B.C. adds 378 new COVID-19 cases, interval between vaccine doses will be shortened

B.C. adds 378 new COVID-19 cases, interval between vaccine doses will be shortened

British Columbia health officials have reported 378 new cases of COVID-19 and seven new deaths since their last update on Wednesday, while announcing the interval for age-based vaccine doses would be shortened to eight weeks.

Thursday’s update brings the total number of cases in the province to 143,264 and 1,690 deaths overall.

Of the new cases, 98 were reported in Vancouver Coastal Health, 189 in Fraser Health, nine in Island Health, 68 in Interior Health and 14 in Northern Health.

There are 3,543 active cases in the province, 286 of whom are hospitalized with 88 in critical care or ICU.

More than 137,000 people have recovered from the disease, while another milestone was reached in B.C.’s immunization program with more than three-million doses delivered. Of those, 156,730 are second doses.

In Island Health, there are currently 92 active cases of the virus, according to the health authority’s dashboard.

Thirty-two of those cases are on the South Island, 37 are on the Central Island and 23 are on the North Island.

Age-based vaccine interval lowered

Provincial Health Officer Dr. Bonnie Henry also announced the interval between first and second doses of the vaccines used for the age-based cohort — Pfizer and Moderna — would be dropped to eight weeks.

“This second booster dose is important for your own individual protection,” she said. “It ensures you have maximum protection for the maximum amount of time.”

Henry said with the availability of vaccines ramping up, she anticipates everyone will be able to receive their second dose by the end of summer.

The second dose program will be based on the same principles of dose one, Henry said, with those at the greatest risk getting their jabs first including the elderly and extremely clinically vulnerable people.

Around 400,000 people over the age of 70 and those who are clinically vulnerable will start receiving invites for second doses immediately, she said.

“In addition to moving ahead our age-based clinics…we’ve also been going back and providing second doses to people in long-term care and residents and health care workers,” said Henry. All of long-term care and assisted living residents and staff are expected to receive their second doses within the next few days to weeks.

Those communities that were vaccinated all at once in a whole-community approach will also take the same approach for second doses. Eligible communities will be contacted through their regional health authorities.

In some cases, those who received Moderna for their first dose may receive Pfizer for their second dose, Henry said.

“I would encourage people to take the Pfizer if it is on offer,” she said. “We have just heard today that we are going to be receiving more shipments of Moderna, but we know it is safe and works just as well if you have one or the other of the mRNA vaccines.”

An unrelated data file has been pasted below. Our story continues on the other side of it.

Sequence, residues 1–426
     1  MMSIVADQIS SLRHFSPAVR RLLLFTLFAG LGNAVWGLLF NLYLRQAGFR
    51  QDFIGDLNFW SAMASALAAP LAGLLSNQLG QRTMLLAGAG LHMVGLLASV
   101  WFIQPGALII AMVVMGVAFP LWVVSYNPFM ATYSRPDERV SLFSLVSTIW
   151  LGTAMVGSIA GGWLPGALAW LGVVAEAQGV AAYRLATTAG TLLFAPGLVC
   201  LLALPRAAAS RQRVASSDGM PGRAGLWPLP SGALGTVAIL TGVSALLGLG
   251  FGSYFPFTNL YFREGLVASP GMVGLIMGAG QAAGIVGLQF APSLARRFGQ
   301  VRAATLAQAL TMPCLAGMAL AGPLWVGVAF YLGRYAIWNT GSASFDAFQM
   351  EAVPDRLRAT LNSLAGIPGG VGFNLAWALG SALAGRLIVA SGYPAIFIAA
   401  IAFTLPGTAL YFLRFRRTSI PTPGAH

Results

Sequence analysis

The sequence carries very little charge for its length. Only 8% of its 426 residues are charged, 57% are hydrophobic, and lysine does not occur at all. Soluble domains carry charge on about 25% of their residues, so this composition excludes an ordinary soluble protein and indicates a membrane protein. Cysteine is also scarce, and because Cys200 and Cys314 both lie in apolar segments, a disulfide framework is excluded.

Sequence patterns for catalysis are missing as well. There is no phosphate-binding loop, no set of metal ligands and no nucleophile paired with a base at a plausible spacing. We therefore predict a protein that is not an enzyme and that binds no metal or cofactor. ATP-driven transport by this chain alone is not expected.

Meanwhile, those who received the AstraZeneca vaccine for their first dose are being asked to “hold tight” for a few more days until more information is available on when the optimal time is to receive their second dose, said Henry.

“What we have seen is that this vaccine has a better response with a slightly longer interval between doses,” she said. “So we are looking at what that means for people here in B.C.”

Indoor faith services reopened

Henry also provided an update on faith-based services Thursday, saying indoor worship services can once again resume with a limit of 50 people and detailed COVID-19 safety plans in place.

“I look forward to our ongoing revision and opening up of all indoor faith services in the coming steps of our restart program,” she said.

Henry also said guidelines surrounding overnight camps for children and youth will also be revised amid ongoing discussions with associations and details are expected as soon as next week.

Thursday’s update comes after the province announced details of its new restart plan on Tuesday.

B.C.’s circuit-breaker measures that shut down indoor dining were immediately lifted, with a cap of up to six people for indoor dining, while indoor group fitness and indoor worship services were also able to resume in a diminished capacity.

Indoor personal gatherings are once again permitted, with a maximum of five visitors or one household allowed. Meanwhile, outdoor personal gatherings can also be held once again, with a maximum of 10 people.

Seated outdoor organized gatherings such as weddings will be permitted again as well with a maximum of 50 people, so long as safety protocols are established.

According to the Ministry of Health, the breakdown for first doses by age cohort so far are as follows:

  • 95+ — 91%
  • 90-94 — 90%
  • 85-89 — 90%
  • 80-84 — 89%
  • 75-79 — 86%
  • 70-74 — 85%
  • 65-69 — 82%
  • 60-64 — 79%
  • 55-59 — 74%
  • 50-54 — 71%
  • 45-49 — 68%
  • 40-44 — 62%
  • 35-39 — 52%
  • 30-34 — 46%
  • 25-29 — 40%
  • 18-24 — 36%
  • 12-17 — 6%
Jeff LawrenceJeff Lawrence

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